learning curve

I know more than I did less than 60 days ago.

I know that if you ignore high blood pressure, it does not go away.

I learned that I am not a good candidate for MRIs.  Those machines are small.

I learned that I can pee on a bedside potty, without dying of embarrassment.

I learned that I can take 5 meds a day, even if I have to put them in a little old lady pill box that is labeled for S-M-T-W-Th-F-S.

I learned that Ativan will really calm you down; I could become addicted to that drug easy.

I learned that God allows second chances and wake up calls.

I learned that I can live without reading, as long as I have Netflix.

I learned that when your parent is sick for a long time, and then dies “suddenly”, you still grieve.

I learned what it’s like to watch someone take their last breath….on this earth.

I have learned about the love of a grandson for his Papaw, when he wouldn’t let go of his Papaw’s hand throughout his visit.

I have learned that the people who take care of your loved one, love them almost as much as you do, and treat them with dignity and respect, and cry with you as you lose them.

I learned that laughter is easily intermingled with tears, and both are good for the soul.

I say all that to say this….

It has been a rough 55 days.  But I have learned that life goes on, we still wake up, your kids still have to go to school and do the annoying dress up thing for whatever fundraiser thing of the week, you still have to work, your life doesn’t stop just because your dad’s life did.

I have blogged a lot about my dad.  I have blogged a little about my health journey with my weight.  Both of these have been huge players the last few weeks.

My dad couldn’t say my name since November. He would smile and say, “there you are!” when I came in his room, but he stopped being able to say much more.  The last 3 days of his life, he said nothing.  His breaths were hard won, and his eyes were closed most of the time.

I told my dad good bye Saturday night, February 11, at 6 pm.  He didn’t die until Monday night at 5:45.  I told my dad, through tears and sobs, that I loved him and wanted him to go, that it was time for him to go, that God had prepared a place for him, and it was ready and his life had been full and joyful and productive.

I told my dad of each individual grand child, from the oldest to the youngest, and how much they loved him and wanted him to be free from this world.  I thanked him for adopting me, for being the one constant in my life that kept me going, that was always in my corner, the person who loved me more than anyone else.  I told my dad that he was my world, so he could go to the world beyond.

The last 30 minutes of his life were hard to watch.  I stepped out to get a Diet Coke and ended up on the phone, and the Hubs came to get me because something had changed with Dad, and later my younger brother told me, “If you had missed his last breath because of a Diet Coke…” See?  Laughter and tears.

My Dad, opened his eyes and looked straight ahead the last 5 minutes of his life. I know that he did not see us; he was seeing what was next. We had sung to him, prayed with him, laughed around him. I had laughed so hard at one point (we pretty much had a small party in his room during this time, and the younger brother had tripped and fell on his wife, and it made me laugh hysterically)  I laughed so hard Dad opened his eyes and looked around.  But not for long.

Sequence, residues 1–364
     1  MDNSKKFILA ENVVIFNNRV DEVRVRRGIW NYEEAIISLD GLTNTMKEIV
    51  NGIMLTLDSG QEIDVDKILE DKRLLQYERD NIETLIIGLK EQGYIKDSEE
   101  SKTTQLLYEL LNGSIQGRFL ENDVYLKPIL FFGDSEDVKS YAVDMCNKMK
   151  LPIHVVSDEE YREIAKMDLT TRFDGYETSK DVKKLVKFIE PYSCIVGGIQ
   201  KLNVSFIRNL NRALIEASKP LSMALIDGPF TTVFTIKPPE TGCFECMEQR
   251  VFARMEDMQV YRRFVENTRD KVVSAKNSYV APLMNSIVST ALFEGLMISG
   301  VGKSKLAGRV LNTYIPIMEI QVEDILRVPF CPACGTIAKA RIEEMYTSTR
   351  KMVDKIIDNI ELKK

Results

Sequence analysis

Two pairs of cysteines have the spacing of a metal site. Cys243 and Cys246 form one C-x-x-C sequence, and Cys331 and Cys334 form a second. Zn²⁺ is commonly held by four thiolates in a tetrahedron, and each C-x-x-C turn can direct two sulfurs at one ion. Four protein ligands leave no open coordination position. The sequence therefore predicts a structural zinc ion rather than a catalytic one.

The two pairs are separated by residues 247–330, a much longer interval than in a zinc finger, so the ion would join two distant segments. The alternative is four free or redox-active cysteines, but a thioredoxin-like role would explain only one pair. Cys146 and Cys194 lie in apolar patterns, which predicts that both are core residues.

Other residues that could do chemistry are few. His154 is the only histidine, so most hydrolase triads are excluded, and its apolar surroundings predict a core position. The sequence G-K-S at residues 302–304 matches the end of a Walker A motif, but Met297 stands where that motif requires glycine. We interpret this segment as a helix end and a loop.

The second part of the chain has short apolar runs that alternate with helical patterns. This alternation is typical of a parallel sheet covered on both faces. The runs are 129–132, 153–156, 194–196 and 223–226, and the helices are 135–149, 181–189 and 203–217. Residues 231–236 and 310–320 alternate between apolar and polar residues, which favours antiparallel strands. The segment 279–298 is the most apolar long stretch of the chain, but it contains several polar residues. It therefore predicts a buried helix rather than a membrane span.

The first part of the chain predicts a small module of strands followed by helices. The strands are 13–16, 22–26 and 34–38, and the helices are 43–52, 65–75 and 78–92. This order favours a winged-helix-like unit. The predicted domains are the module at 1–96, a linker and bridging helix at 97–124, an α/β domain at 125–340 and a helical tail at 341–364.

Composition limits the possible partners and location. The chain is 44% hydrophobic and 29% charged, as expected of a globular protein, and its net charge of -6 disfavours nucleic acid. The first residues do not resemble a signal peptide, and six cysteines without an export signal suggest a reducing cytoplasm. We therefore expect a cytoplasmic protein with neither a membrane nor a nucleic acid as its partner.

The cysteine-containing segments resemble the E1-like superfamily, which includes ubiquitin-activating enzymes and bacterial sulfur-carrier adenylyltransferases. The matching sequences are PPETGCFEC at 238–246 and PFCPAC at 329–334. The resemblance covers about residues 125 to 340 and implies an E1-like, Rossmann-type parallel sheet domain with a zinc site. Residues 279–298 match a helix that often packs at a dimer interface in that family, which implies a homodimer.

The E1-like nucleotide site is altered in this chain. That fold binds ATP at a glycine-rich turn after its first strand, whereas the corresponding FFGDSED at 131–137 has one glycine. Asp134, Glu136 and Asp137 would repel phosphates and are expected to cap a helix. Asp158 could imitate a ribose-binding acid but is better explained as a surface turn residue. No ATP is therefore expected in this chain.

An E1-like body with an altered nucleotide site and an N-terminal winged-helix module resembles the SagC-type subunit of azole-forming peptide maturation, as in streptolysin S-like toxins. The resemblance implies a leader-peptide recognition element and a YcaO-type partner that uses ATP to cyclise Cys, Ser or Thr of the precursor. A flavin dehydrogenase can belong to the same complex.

I have often wondered which is worse…to lose a loved one suddenly or watch them be sick and die a long death.  I know that we have had it better this way, in a way.  I started grieving for my dad 3 years ago.  I cried all day the day my mom told me that he didn’t know whether he charged $2.50 or $250 for his first adjustment, and that was in October of 2012.  My tears have show up at inconvenient times the last few years, and my whole family has been mourning the loss of my dad, pretty much since he went into assisted living on May 23, 2014.

Still…I have learned that no matter how long you have to prepare, it’s still not enough.  I have a deep ache in my chest, and those 3 days we spent at my dad’s bedside, I sobbed and grieved until my jaws hurt.  I do not grieve like someone without hope, either.  I know where my dad is.  I just am sad he is not here.  My world has been shaken off its axis, and a quote I heard recently sums it up: “I don’t know how to exist in a world where my dad doesn’t.”  But I’ve been learning for the last 3 years…

Since my stroke on January 8, life has seemed much more precious and the small stuff has seemed very small indeed.  Now…everything seems pretty inconsequential.  Except for the people I love, my family, church family and friends.

I have learned that relationships with your loved ones are the only things that really matter in this life.  And that’s been the most important lesson of all.

 

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6 thoughts on “learning curve

  1. Tina,
    I have cried and laughed through this blog. Losing someone you love so much is manageable somedays. Remember its okay to fall apart on those other days. The rest of the world carries on while yours has begun a “new” normal. You are a blessing to me as you pour out your feelings in written form. I love you and continue to lift you and your family to our Father’s throne.

    In His Love,
    Pam

  2. Tina,
    Love all you write,it hits home hard.
    And let’s not make fun of SMTWTFS.Just wait until you have two of them morning and nite!!
    Lov u, if you need help let me know.

  3. Tina, I loved when you stated you would not call your Dad back. Even though it’s hard, you know where your Dad is and he is whole and happy. One day you will spend eternity with him.

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